Flannery backs COVID-style approach to climate crisis

Australia should draw on its pandemic playbook as it considers how to endure the climate crisis, leading scientist and campaigner Tim Flannery says.

The former Australian of the Year has told a Sydney conference the world is in for a difficult couple of decades, even under the most optimistic climate action scenarios.

The greenhouse gases humanity has already produced will continue to warm the planet for years to come, meaning the calamities Australians have recently endured will be dwarfed by what’s coming.

“The extremes that we do experience a decade from now will be way outside of anything that we will have seen to this point,” Prof Flannery told the International Congress of Actuaries on Monday.

“Even if we cut emissions as hard and fast as we possibly can things will continue to deteriorate for a decade or two and unfortunately we are in danger of reaching tipping points in the climate system.”

He said there were lessons for Australia in how it dealt with the early stages of the COVID-19 pandemic.

“The first thing the government did was stop the problem getting any bigger. That meant stopping flights from China, which was then the source of the infections.

“It meant paying a very significant economic cost to keep people home, and of course restricting personal liberties. We did all of that in the hope that we as a society, as a whole, would benefit.”

The government also invested heavily in the health system, making sure it could adequately respond and the same style of approach was needed for the climate crisis, Prof Flannery said.

“We need to create a sufficient emergency room for all of the consequences of warming,” he said.

“When you are dealing with climate change, the emergency room has to be dealing with adaptation, with our coasts, with how we protect our most vital infrastructure, and how we have an orderly withdrawal from areas we can’t defend.”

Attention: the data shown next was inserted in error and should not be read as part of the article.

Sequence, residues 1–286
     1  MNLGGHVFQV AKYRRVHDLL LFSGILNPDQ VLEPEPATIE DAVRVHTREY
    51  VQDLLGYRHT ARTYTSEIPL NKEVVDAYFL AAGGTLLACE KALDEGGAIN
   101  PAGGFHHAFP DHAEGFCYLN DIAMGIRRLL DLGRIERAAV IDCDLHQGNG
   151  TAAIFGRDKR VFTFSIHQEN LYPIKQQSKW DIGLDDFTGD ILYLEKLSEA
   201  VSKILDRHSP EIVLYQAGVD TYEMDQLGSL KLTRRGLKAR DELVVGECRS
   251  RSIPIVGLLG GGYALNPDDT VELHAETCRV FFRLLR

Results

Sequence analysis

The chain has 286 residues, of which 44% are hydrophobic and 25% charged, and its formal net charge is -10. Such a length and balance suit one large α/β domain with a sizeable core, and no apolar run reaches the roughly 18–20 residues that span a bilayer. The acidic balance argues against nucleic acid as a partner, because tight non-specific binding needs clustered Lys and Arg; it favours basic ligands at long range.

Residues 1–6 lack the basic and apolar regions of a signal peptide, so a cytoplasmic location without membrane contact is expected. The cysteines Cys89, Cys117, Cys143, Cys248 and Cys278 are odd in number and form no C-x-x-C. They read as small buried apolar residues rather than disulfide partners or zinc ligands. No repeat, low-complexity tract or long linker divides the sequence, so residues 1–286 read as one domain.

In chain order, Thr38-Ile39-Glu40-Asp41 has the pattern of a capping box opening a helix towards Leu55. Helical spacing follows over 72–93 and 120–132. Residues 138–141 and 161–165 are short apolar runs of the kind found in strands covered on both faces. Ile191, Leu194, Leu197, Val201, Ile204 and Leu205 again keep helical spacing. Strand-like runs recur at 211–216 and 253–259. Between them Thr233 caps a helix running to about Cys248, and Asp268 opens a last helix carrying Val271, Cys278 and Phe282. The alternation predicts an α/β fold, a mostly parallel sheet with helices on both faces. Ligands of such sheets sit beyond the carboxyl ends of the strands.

He said health and emergency services must be properly resourced to cope with future heatwaves, fires and floods while work continued on a “vaccine” – a clean energy system and new tech to suck existing greenhouses gases out of the atmosphere.

“I’m sorry to say it’s going to get worse for a little while – almost regardless of what we do,” said Prof Flannery, who led the Climate Commission before the Abbott government axed it a decade ago.

Since then he’s served as the chief councillor of the Climate Council, which rose from the ashes of that termination.

Prof Flannery told delegates the world sailed passed an opportunity for a “relatively simple and inexpensive” transition away from fossil fuels in 2009, when the Copenhagen summit failed to set basic targets to cut emissions.

“And in the 15 years or so since … humanity has released around a third of all of the greenhouse gases that we have ever emitted. That is a very, very large increase in a very, very short time and it will have consequences.”


Tracey Ferrier
(Australian Associated Press)


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